Coming from the opposite angle, how do you feel about creatives who are trying to get jobs at agencies? My background's in film, where you have to have spec work to show what you can do. So even if a producer doesn't like my script, they can say (hopefully), "well, at least I know he can write, let's see what he'll do with a different project."

    Like the graphic design debate, I think spec work is helpful for those trying to make a name for themselves. Established designers don't need to work on spec because they've got the portfolio and clients that agencies/businesses are looking for.

    And chances are, businesses paying low rates for spec work probably weren't going to spend for better quality work anyways; you get what you pay for. So it's not like the agency's missing out because of it.

    What's your opinion for those of us starting out?

  2. Rick Says:
    Hi Pete,

    Spec work to progress one's career is perfectly fine... in this upside down economy, you have to be different in getting recognized and landing a job.

    My bitch is more with a potential client "requiring" free creative for an "opportunity" to win their business. It's such a waste of time and at the end of the day a band aid on solving a marketing problem.

    How do you do spec work without a detailed history of what was done previously?... the media used, research, a discovery with the stake holders... all we're doing without this insight is creating a pretty picture without any strategic foundation... and more than likely, that interim creative will change once an agency is selected, so that means you get to do it twice, but get paid once... it's just not fair and totally unproductive.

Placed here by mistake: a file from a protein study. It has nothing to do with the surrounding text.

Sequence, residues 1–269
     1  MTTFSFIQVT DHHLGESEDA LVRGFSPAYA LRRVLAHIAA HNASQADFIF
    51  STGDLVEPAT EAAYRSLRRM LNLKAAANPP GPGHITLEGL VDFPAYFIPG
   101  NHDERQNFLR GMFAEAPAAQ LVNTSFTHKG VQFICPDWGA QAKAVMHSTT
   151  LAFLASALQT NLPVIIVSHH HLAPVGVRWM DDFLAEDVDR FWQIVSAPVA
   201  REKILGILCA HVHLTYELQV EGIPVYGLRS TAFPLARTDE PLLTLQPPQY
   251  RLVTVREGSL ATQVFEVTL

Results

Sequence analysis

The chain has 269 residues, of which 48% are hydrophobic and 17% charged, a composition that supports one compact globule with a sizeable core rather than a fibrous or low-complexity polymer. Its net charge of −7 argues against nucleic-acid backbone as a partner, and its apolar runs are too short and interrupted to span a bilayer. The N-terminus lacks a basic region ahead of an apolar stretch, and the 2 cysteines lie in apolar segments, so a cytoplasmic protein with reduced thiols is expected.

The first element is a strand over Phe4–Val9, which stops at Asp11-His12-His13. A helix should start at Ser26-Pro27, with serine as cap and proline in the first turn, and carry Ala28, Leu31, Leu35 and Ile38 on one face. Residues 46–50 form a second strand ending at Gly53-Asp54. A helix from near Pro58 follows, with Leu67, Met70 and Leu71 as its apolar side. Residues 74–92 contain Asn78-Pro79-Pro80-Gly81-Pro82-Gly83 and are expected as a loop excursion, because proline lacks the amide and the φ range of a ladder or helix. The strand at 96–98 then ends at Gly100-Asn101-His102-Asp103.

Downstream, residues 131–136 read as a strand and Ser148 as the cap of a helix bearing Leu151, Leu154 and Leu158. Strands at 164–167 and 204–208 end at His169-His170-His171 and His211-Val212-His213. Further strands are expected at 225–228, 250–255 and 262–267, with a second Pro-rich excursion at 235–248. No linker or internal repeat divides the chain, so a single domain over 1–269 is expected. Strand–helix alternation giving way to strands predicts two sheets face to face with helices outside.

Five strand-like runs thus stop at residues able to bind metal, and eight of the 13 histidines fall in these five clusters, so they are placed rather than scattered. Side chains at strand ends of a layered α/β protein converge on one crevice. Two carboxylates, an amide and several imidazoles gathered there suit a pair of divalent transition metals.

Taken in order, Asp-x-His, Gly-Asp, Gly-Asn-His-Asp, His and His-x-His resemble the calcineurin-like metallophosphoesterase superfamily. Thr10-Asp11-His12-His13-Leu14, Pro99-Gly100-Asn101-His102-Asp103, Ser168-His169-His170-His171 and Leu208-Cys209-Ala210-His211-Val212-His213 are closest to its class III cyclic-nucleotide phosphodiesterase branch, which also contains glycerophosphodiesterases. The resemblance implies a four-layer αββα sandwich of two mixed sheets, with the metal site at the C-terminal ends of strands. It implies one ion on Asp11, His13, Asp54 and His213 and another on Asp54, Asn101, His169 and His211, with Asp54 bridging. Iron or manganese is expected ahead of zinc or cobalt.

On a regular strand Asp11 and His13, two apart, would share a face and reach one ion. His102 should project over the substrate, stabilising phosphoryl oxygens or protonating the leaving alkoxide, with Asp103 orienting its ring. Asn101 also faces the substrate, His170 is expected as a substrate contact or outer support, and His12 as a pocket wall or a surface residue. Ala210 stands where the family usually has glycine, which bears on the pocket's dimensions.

My suggestion to you is to do something cool that's different, that gets noticed in a good way, break away from the masses, and as an Agency owner, that would make me take notice. That would start the conversation.

    Have a great Holiday and enjoy your bird!
  3. Pete Says:

    Thanks for the thoughts.

    Are you seeing more businesses ask for spec work since the economy's gone down, or has this been a widespread problem for a long time?

    And do you see any patterns in the types of businesses who are asking for it? I'd imagine it's harder to sustain a relationship with those places than with companies who know what to expect.
  4. Rick Says:

    This has been a constant problem for a long time... I'm sure the state of the economy has added to it, but we haven't seen a spike in requests, it's been at the same tolerance level of the past several years.

    It's all over the map... just recently a Plastic Surgeon group (name to be withheld) asked us for naming options, logos based on said names, a tag line, an ad campaign (or two if we so choose) a home page design and corporate ID... for Free!

    We thought about this for about 5 seconds before we respectfully declined...

    You see my point???? The only thing that gives them the right to ask is because some Agency out there will roll over for them, and until there is a unanimous NO... it will never go away.